The weather in the Boston area (as well as most of the Northeast) has been unbelievable mild this winter. It is still technically winter today and I am sitting here typing this in a sleeveless tank top with all the windows open. Insane. According to my Mac weather widget, it’s going to be 80 degrees on Thursday. I’m not complaining a bit, but it is a bit bizarre.
With all this nice weather lately, I have spent some time gardening while baby boy naps. When we moved to our new house last fall, we inherited three large raised garden beds in our backyard. I was thrilled as one of our criteria in looking for a house was space in the yard to have a garden. The only problem is that these raised beds had not been touched in years and were seriously overgrown with weeds and vines. We were so busy with unpacking and planning baby T’s first birthday party, that we did not get a chance to tackle the raised beds last autumn.
That leads us to this spring where we have started to deal with some serious overgrowth. The one thing that we have noticed about this area is that there are some serious vines everywhere. These vines pretty much laugh at you when you try to pull them out of the ground. They also have thorns everywhere which makes the removal process that much trickier. To give you an idea, here’s what one of the boxes looked like:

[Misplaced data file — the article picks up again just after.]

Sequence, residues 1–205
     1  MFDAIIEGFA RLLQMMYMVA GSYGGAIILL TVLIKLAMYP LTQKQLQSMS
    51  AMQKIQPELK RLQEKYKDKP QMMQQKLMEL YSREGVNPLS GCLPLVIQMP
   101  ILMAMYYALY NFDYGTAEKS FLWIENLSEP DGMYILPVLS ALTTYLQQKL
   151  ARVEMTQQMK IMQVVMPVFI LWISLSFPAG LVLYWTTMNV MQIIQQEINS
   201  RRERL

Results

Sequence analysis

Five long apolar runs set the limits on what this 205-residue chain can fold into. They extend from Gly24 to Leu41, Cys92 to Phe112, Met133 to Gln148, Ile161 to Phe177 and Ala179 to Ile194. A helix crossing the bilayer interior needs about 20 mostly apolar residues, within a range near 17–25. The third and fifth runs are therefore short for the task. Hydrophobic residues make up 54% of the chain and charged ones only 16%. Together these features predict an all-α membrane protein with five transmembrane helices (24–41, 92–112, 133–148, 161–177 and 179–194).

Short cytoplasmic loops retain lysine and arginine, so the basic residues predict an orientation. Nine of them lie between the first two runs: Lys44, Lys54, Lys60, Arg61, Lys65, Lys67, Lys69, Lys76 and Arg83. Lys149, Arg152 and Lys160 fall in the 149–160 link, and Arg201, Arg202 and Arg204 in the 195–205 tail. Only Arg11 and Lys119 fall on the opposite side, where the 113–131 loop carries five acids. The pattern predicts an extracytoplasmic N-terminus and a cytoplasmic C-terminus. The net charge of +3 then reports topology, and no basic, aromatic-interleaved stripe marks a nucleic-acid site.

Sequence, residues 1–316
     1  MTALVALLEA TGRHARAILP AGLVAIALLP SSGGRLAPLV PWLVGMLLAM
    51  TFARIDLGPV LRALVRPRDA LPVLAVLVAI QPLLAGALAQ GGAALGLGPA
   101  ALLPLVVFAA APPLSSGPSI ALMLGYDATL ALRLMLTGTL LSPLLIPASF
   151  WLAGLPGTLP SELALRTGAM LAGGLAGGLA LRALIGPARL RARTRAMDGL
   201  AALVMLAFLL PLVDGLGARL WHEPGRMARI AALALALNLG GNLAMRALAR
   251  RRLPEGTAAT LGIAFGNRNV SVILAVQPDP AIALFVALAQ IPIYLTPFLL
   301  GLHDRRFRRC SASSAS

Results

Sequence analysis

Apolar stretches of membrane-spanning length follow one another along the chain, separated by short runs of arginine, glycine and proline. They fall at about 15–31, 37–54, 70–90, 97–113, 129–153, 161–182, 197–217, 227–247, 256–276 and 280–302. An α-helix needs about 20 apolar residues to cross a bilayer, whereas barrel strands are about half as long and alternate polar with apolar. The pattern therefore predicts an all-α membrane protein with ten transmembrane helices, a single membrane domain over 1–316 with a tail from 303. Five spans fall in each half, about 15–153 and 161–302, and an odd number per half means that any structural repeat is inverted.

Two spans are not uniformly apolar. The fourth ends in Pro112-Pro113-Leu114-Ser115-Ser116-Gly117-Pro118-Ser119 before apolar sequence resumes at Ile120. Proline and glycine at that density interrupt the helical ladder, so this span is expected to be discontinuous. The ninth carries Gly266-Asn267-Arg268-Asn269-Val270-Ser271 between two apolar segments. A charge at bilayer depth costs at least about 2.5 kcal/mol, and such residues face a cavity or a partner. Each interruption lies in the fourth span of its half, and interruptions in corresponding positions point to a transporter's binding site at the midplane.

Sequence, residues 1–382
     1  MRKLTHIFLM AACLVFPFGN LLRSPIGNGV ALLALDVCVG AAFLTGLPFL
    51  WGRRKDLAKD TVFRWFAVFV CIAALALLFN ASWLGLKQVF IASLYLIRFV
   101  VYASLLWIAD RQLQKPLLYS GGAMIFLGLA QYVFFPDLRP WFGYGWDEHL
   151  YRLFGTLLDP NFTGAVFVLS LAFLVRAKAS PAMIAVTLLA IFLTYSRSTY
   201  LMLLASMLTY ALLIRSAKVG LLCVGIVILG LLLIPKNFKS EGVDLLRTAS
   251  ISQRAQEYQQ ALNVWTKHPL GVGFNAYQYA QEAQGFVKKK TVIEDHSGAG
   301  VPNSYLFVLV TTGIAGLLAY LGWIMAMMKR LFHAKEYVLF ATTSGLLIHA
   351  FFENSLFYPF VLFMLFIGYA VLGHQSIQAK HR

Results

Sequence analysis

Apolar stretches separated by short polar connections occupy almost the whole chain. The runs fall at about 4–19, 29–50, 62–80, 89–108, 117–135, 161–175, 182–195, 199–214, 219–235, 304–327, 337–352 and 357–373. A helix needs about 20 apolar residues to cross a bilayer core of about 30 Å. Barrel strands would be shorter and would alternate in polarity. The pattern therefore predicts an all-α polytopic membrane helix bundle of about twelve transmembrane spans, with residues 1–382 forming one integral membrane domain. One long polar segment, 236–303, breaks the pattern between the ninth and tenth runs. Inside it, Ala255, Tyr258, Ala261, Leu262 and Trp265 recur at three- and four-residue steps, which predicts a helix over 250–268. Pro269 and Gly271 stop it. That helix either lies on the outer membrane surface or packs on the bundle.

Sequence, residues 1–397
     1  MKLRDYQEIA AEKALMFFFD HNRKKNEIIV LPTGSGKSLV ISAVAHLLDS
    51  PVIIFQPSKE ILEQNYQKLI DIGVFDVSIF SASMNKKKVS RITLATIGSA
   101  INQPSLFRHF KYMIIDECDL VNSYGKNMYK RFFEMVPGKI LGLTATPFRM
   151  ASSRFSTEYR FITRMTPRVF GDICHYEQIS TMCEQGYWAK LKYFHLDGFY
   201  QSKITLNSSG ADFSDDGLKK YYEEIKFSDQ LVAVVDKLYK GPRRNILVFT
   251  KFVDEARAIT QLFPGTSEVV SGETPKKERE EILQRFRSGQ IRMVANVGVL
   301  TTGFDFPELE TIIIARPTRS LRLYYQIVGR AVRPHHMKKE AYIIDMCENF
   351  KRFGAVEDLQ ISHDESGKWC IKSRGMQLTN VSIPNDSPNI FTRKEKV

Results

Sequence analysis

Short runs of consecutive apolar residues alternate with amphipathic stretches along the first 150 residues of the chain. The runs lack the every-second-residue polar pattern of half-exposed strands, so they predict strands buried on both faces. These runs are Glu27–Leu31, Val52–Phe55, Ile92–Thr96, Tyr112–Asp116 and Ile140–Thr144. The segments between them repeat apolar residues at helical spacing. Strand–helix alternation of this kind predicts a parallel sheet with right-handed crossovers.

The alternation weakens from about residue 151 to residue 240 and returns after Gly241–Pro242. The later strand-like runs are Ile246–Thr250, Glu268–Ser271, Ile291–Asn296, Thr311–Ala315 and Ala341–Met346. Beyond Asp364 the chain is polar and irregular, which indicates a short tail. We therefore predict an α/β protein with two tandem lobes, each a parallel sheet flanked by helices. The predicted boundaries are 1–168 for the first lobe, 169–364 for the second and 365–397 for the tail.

Here is what all three raised beds look like together:
I’ve basically just been pulling a rake through and then throwing out the dried out weeds one plant at a time. Some of the roots are really entrenched and are hard to pull out. I got as much pulled out as possible and then covered each box with dampened newspapers. I then laid out black pieces of cloth over the newspapers and staked them so they would remain secured down.
I’m not sure if it will help do anything, but I’ve read this can help kill any remaining weeds in the soil. In a few weeks, I am going to take off the cover, do some more weeding/root removal, and lay down some more compost before I start planting.
If you have a garden, what kind of spring prep work do you do?